- Federal Reserve Vice Chairman Michael Barr has emphasized the US’ cautious approach to developing a central bank digital currency (CBDC).
- He emphasized the need for strong executive support and Congress’s authorization before any concrete actions are taken.
- The FedNow real-time payments network, although limited, is expected to grow in usage over time.
Federal Reserve Vice Chairman Michael Barr has shed light on the United States’ cautious approach to the development of a central bank digital currency (CBDC). Barr stated that the Federal Reserve is currently engaged in what he termed as “basic research,” underscoring the distinction between research and the decision-making process required for advancing payment system innovations.
Barr emphasized the necessity for strong support from the executive branch and the enactment of authorizing legislation by Congress before any concrete actions are taken. He pointed out the complex nature of navigating through a divided Congress, particularly in light of the sharp criticism that Republican lawmakers have directed towards the idea of a digital dollar.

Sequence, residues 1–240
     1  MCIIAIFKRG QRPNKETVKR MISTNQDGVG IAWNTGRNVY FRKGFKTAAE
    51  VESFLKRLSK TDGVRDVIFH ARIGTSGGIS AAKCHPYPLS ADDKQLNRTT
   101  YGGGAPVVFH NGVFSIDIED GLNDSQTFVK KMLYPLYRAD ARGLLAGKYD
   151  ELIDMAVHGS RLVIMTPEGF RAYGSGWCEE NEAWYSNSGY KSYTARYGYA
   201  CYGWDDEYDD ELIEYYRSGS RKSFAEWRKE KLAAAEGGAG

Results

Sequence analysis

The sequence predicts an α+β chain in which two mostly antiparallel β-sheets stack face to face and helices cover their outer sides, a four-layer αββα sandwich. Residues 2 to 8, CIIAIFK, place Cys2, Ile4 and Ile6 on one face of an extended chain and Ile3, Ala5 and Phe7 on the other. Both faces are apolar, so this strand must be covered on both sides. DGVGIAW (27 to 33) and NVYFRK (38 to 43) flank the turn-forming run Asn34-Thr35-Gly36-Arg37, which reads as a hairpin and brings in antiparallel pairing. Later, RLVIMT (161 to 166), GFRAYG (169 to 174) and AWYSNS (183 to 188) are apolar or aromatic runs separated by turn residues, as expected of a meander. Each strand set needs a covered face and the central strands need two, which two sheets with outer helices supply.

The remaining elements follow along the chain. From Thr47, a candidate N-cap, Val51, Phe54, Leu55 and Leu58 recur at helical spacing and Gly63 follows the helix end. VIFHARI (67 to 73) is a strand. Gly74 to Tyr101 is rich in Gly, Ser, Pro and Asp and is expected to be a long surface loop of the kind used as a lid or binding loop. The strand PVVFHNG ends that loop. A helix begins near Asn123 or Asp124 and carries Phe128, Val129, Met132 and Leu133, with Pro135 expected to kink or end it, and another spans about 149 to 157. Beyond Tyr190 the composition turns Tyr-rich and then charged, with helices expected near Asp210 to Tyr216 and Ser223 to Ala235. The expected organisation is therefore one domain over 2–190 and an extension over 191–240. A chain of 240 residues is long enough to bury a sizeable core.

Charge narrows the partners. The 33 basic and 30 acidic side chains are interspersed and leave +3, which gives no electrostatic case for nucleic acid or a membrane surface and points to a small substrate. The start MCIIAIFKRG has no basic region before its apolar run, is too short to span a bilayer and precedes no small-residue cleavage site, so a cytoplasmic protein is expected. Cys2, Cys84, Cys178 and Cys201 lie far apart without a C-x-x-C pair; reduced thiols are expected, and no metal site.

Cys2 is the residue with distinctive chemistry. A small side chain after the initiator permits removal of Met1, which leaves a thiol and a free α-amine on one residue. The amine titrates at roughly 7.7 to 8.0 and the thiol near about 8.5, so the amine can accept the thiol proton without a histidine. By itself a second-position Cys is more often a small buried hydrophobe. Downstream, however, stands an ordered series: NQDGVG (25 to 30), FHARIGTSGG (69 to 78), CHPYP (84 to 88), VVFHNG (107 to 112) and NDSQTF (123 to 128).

Moreover, Barr stressed the urgency for Congress to address the issue of stablecoins, which are cryptocurrencies tied to stable assets like the U.S. dollar. He expressed ongoing concerns regarding the issuance of stablecoins without robust federal oversight, citing potential risks to financial stability, monetary policy, and the overall U.S. payments system if non-federally regulated stablecoins were to gain widespread acceptance.
Barr underscored the significance of establishing a suitable legislative and regulatory framework to proactively address these potential risks.
In addition to these concerns, the Federal Reserve recently introduced the FedNow real-time payments network. Some proponents have speculated that this system could compete with certain features offered by stablecoins. While Barr acknowledged that the current utilization of FedNow is limited, he anticipates a growing participation in the network over time.